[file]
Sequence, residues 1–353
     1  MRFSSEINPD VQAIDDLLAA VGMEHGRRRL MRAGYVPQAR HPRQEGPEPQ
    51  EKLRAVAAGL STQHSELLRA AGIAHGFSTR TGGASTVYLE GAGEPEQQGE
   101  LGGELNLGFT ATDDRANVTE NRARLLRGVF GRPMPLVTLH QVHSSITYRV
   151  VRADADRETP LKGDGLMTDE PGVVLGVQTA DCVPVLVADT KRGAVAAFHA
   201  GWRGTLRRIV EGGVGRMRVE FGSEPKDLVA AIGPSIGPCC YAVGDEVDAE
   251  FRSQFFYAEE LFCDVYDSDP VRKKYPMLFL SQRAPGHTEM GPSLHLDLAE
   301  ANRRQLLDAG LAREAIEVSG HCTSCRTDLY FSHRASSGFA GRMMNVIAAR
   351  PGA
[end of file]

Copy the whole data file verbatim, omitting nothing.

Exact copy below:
Sequence, residues 1–353
     1  MRFSSEINPD VQAIDDLLAA VGMEHGRRRL MRAGYVPQAR HPRQEGPEPQ
    51  EKLRAVAAGL STQHSELLRA AGIAHGFSTR TGGASTVYLE GAGEPEQQGE
   101  LGGELNLGFT ATDDRANVTE NRARLLRGVF GRPMPLVTLH QVHSSITYRV
   151  VRADADRETP LKGDGLMTDE PGVVLGVQTA DCVPVLVADT KRGAVAAFHA
   201  GWRGTLRRIV EGGVGRMRVE FGSEPKDLVA AIGPSIGPCC YAVGDEVDAE
   251  FRSQFFYAEE LFCDVYDSDP VRKKYPMLFL SQRAPGHTEM GPSLHLDLAE
   301  ANRRQLLDAG LAREAIEVSG HCTSCRTDLY FSHRASSGFA GRMMNVIAAR
   351  PGA